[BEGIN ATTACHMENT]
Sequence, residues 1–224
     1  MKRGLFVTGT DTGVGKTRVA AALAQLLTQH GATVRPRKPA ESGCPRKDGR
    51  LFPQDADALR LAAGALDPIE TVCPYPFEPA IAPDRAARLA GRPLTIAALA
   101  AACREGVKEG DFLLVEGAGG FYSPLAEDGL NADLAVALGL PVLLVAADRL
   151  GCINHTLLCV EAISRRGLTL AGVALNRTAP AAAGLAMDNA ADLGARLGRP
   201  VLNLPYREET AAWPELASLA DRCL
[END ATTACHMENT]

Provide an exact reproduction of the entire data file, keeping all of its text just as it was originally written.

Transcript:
Sequence, residues 1–224
     1  MKRGLFVTGT DTGVGKTRVA AALAQLLTQH GATVRPRKPA ESGCPRKDGR
    51  LFPQDADALR LAAGALDPIE TVCPYPFEPA IAPDRAARLA GRPLTIAALA
   101  AACREGVKEG DFLLVEGAGG FYSPLAEDGL NADLAVALGL PVLLVAADRL
   151  GCINHTLLCV EAISRRGLTL AGVALNRTAP AAAGLAMDNA ADLGARLGRP
   201  VLNLPYREET AAWPELASLA DRCL